NFL Players Not Named Aaron Rodgers Who Must Be Traded After 1st Week of Free Agency
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AP Photo/Ross D. Franklin
As the NFL world waits for the Green Bay Packers and New York Jets to iron out the details of an Aaron Rodgers trade, other players also need a change of scenery.
Players request permission to seek a trade for a variety of reasons: playing time, a new contract or a better team fit.
According to NFL Network’s Cameron Wolfe, the Tennessee Titans wanted two-time All-Pro safety Kevin Byard to take a pay cut, but he doesn’t plan to accept a reduced salary. While the two sides don’t see eye to eye on financial matters, Byard hasn’t requested a trade yet, which leaves time for a resolution.
Several other players have likely gone past the point of no return with their respective clubs because of financial aspirations, the loss of a starting position or the direction of the club. We’ll highlight nine players who must move on to a situation that better suits them, providing the best team fit for each veteran in 2023.
RB Clyde Edwards-Helaire
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AP Photo/Godofredo A. Vásquez
Best Team Fit: Seattle Seahawks
The Kansas City Chiefs selected Clyde Edwards-Helaire in the first round of the 2020 draft, but he tumbled down the running back depth chart this past season, falling behind Isiah Pacheco, who came out of Rutgers as a seventh-round pick in 2022.
By the end of the 2022 term, Pacheco handled the lion’s share of the Chiefs’ carries and finished with a team-leading 830 rushing yards with five touchdowns. In Super Bowl 57, Kansas City listed Edwards-Helaire as a healthy scratch, going with Pacheco, Jerick McKinnon and Ronald Jones at running back.
Buried in the running back rotation, Edwards-Helaire needs to go elsewhere for a bounce-back campaign. According to ESPN’s Jeremy Fowler, some teams will eye the Chiefs ball-carrier as a trade option.
Because of a sluggish running back market, Kansas City shouldn’t expect much in return for Edwards-Helaire—maybe a late-round pick.
The Seattle Seahawks should push to acquire Edwards-Helaire to replace Rashaad Penny, who signed with the Philadelphia Eagles in free agency.
The Seahawks can pair Kenneth Walker III and Edwards-Helaire in their backfield. The former would handle early-down touches while the latter carves out a pass-catching role on third down. Edwards-Helaire has hauled in 72 passes for 577 yards and six touchdowns in 33 games.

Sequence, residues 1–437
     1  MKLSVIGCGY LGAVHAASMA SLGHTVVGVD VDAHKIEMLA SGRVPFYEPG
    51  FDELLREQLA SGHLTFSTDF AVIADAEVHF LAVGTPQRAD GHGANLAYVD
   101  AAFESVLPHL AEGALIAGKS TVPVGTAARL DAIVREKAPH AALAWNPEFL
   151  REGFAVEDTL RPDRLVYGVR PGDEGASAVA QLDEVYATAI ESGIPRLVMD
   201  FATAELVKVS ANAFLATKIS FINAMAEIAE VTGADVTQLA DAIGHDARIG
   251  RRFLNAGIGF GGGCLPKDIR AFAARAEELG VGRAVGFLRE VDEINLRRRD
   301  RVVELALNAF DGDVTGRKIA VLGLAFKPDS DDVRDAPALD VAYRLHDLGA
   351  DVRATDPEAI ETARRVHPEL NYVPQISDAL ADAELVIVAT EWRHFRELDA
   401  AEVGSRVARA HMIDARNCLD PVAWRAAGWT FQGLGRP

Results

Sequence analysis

WR Brandin Cooks
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AP Photo/Zach Bolinger
Best Team Fit: New England Patriots
At the NFL Scouting Combine, Houston Texans general manager Nick Caserio answered a question about the possibility of a Brandin Cooks trade deal.
“We’ll do what’s best for the team moving forward,” Caserio said.
Caserio’s response sounds like coded language for a general manager who has a notable player on the trade block. Remember, after the conclusion of the Texans’ 2022 campaign, Cooks said that he doesn’t want to play on a rebuilding squad, per Jonathan M. Alexander of the Houston Chronicle.
This offseason, the Texans have hired their third head coach in three years. Though new lead skipper DeMeco Ryans brings hope to a franchise that hasn’t won more than four games in a single season since 2019, Cooks isn’t a fit for a club that has to build a foundation from the ground up.
Cooks can reunite with his former Texans head coach and general manager, Bill O’Brien, who’s set to start his second stint as the New England Patriots’ offensive coordinator.
In 2020, O’Brien flexed his general manager muscle to acquire Cooks from the Los Angeles Rams. Though the Texans fired him after Week 4 of the ensuing campaign, the wideout went on to haul in 81 passes for 1,150 yards and six touchdowns.
Cooks should seamlessly fit into the Patriots’ aerial attack, which needs more perimeter speed.
WR DeAndre Hopkins
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AP Photo/Ross D. Franklin
Best Team Fit: Kansas City Chiefs
The Arizona Cardinals will likely trade DeAndre Hopkins in the near future. According to Mike Jurecki of the Arizona Football Daily podcast, the club has trade parameters in place, and it wants a second-round pick along with a conditional pick or player.
Despite recent injuries and a six-game suspension for violating the league’s performance-enhancing drug policy, Hopkins is still a top-notch wideout. The 30-year-old receiver finished 10th in receiving yards per catch (79.7) last season.
If the Cardinals want a second-rounder and a later pick or player for Hopkins, they’ll likely field calls from several suitors. Don’t be surprised if the Kansas City Chiefs make an offer.